She was a huge help. When I was first going to write her a song, it was very intimidating, and I wanted to do a really good job. I asked her if it would be all right for me to write her something for the show, and she said yes. So I described to her “Stronger Than You,” which I hadn’t yet written, and she gave me so much insight. I said, “I’m working on this song for Garnet’s character, and it’s going to be a love song, a fight song and a victory song all at the same time.” I asked if she had any references or thoughts about how something like that could sound, and she sent me a bunch of thoughts, which totally informed “Stronger Than You.” And from then on, anytime I would write her something, I would chat with her beforehand and find out how she felt about that idea.
What was Estelle’s input on “Here Comes a Thought,” if any?
I told her I wanted to write a song that’s related to meditation. I was struggling with panic attacks at the time, and I was like, I want to create something that’s not slow and not asking you to slow down. When you’re in that state, it’s really unhelpful for someone to say, slow down, calm down. At least for me, I couldn’t do it. So I said, “I want to do something that’s calm, but fast,” and she sent me a lot of different thoughts. She sent me something she had been working on, she introduced me to Emily King’s music — particularly an album called “Seven” — and years later, I reached out to Emily King and we got a chance to include her voice on the end credits to “Steven Universe Future.”
Garnet’s wedding is one major storyline that you were planning on showing much earlier in the series. When the wedding was approved for Season 5, how much did the final narrative differ from the initial storyboards you created?
It was completely different. Originally, the idea was a single episode, and it was called “If You Love Yourself So Much.” The implication, the unsaid part being, why don’t you marry yourself? Garnet was gonna marry herself, and originally she was going to do it as Garnet. It was going to be a single episode where she was just going to get a chance to celebrate herself, and put a ring on each of her fingers.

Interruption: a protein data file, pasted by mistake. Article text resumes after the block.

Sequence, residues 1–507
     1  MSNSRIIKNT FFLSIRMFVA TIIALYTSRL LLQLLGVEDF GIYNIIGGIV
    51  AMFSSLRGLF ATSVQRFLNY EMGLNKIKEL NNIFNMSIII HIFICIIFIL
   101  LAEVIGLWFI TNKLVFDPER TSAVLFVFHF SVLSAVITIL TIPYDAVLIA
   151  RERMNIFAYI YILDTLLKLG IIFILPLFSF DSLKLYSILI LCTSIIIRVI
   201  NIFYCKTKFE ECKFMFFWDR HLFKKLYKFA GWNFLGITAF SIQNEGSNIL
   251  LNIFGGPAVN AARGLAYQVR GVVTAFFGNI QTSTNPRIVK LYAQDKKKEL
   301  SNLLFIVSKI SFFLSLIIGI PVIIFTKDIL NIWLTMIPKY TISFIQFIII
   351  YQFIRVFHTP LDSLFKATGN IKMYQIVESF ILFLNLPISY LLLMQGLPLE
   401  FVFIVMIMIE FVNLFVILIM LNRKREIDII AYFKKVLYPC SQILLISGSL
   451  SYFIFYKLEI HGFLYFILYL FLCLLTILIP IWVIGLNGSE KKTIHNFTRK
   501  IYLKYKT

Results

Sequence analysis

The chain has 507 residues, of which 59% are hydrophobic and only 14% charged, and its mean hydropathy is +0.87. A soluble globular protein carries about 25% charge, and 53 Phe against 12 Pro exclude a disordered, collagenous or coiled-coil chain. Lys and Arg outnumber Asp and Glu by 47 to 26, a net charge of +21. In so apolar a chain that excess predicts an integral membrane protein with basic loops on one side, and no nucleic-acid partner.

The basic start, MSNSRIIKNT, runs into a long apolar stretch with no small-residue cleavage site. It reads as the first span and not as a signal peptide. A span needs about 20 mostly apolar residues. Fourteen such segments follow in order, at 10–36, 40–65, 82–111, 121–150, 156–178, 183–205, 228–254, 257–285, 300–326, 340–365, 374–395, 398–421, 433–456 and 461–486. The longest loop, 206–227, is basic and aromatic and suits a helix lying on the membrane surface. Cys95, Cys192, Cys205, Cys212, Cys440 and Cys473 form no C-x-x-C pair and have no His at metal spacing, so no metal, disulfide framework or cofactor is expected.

When we couldn’t do it at the time, we started looking ahead, and trying to find a way where we could do this story in the most impactful way, but also in a way that was so interwoven into the story that it couldn’t be lifted out. Because that was the issue, is that this single episode about Garnet, we could have done it or we could have not done it. It would have had the subtle ramifications of the characters [Sapphire and Ruby] being married from then on. So we were looking for some of the most impactful action sequences that we were going to do, some of the biggest musical numbers that we were intending to do, and trying to just put them all around this event, so that it could feel as climactic as it deserves to be.
It became part of the two-parter in “Reunited” and this long ramp-up, and I’m so glad because I love that we got to show their proposal, I love that we got to show them having time apart — I think the characters got an opportunity to grow. Ruby and Sapphire got an opportunity to change and grow and confront some things that they hadn’t confronted, and we also had to ask ourselves tough questions about, what is it about these characters that makes this so important for them to do? How is their relationship changing that makes this the next step? It’s a very human custom, why is this something they’re interested in? And we realized that, it’s strange to say, the next step in their relationship was to be able to be alone a little bit more, so that being together could be meaningful in a new way.
Were there any Gems or fusion Gems that weren’t introduced in the show?
There used to be many more Off Colors. You can see them, I think — it’s very, very small in the [“‘Steven Universe’: Art & Origins”] art book — you can see some drawings of them. Early on, there were many more Off Colors that they would meet, including two that were pretty well-defined named Flint and Chert. They were Quartzes that were peaceful, and so they were rejected from Gem society because they weren’t doing their job of fighting. They had a kind of Robin Hood, Little John dynamic to them.